Learning to cope has meant trying to accept that I am not the person I once was. I do not have control over my body. It controls me. I schedule my life accordingly. I never know when the pain is going to rocket from 5 to 10 in seconds. I never know when a rainy day, too much activity or too little, will incapacitate me with exhaustion that feels like the flu. Sometimes I can sleep for 10-12 hours without feeling rested or I’ll be hit with a sudden case of insomnia. Other days, I wake up refreshed and energetic at dawn. I have to be careful because I know that if I don’t get the right amount of sleep, my pain levels rise.
While the pain has become more manageable since leaving teaching, I was barely able to hold down a part-time job as a tutor. When I was laid off from that position, I decided to take up writing. Even though typing always hurts and using speaking software hurts, too. Sure, I can tie my shoelaces but doing dishes, combing my hair, typing, cutting my food, holding a book, are sometimes impossible, overwhelming tasks. Traveling…by train, plane, car…it’s all exhausting.
Going to synagogue is like asking for trouble. Between the noise, the awful chairs, the sitting and standing, my poor motor control, I always end up in more pain that I was before. It’s hard to sit through Shabbat meals, to sit through anything for long periods, without ending up in more pain. This is especially hard considering that when you’re in a lot of pain, when you’re beyond exhaustion, the last thing you want to do is get up and move around.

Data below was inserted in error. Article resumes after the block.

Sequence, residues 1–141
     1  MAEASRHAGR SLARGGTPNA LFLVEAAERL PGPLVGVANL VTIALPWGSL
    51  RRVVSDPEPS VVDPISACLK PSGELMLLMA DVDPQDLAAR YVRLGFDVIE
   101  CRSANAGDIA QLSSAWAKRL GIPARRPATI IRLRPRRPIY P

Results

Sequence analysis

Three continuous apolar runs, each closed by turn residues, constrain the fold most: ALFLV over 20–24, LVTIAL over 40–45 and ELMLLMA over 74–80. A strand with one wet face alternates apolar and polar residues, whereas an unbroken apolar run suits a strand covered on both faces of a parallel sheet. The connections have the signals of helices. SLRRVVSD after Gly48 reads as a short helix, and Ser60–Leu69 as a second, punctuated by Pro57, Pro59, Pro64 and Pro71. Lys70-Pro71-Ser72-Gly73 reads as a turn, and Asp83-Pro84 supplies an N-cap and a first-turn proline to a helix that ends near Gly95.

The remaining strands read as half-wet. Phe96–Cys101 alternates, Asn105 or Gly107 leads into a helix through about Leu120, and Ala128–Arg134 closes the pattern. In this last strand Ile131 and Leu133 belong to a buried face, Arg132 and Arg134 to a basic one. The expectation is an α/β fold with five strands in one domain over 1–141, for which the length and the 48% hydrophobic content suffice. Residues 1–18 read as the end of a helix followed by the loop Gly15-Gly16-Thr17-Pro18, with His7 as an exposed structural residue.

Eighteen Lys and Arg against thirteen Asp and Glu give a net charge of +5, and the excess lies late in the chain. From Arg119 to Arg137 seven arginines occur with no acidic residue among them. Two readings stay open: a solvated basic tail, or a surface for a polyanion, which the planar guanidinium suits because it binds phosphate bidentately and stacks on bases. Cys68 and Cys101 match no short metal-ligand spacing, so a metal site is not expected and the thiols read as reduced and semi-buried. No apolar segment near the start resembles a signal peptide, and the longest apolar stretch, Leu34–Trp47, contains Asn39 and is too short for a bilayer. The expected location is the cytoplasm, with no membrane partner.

My knees, wrists, arms, hands, ache chronically from sitting at the computer. I depend on my husband and younger sister for those everyday tasks that escape me. It has been crushing to go from being little Miss Independent to becoming dependent on the kindness and generosity of others to get by day by day.
The fatigue is almost as troubling as the pain. Some days will be good pain days, where the pain is dulled and manageable. And yet on most of those days, my body feels exhausted. I feel ready to collapse. I have a limited bank of energy and I am perpetually overdrawn. Going to see a movie at a theater can sap my energy. Hanging out with friends can, too. Talking on the phone and instant messaging are the bane of my existence, guaranteed to cause flare-ups.
I have been living with this for three years and I still get “but you don’t look sick.” Luckily, I have pretty much warned all my friends against touching me without asking for permission. Only close friends and family really understand what I live with everyday and even then, only other sufferers truly commiserate. A friend of mine says she lost her 20s to chronic pain. Her life, my life, has never been or will ever be the same. I feel often like a rickety old lady stamping my cane in frustration at the healthy people who don’t understand what I’m living with and constantly make totally unhelpful comments.
I’ve said it before and I’ll say it again, if you’re not a doctor, I’m not taking your medical advice. If you’re not a fellow sufferer, I’m not taking going to take your coping advice either. I am not whiny. But if it seems that way, then it’s probably been an excruciating day. It’s not easy but I’m taking it one day at a time, trying to learn to take it easier, slower, and hoping that with God’s help modern medicine will someday make my life a little easier.
If you want to learn more about fibromyalgia, check out the National Fibromyalgia Association website.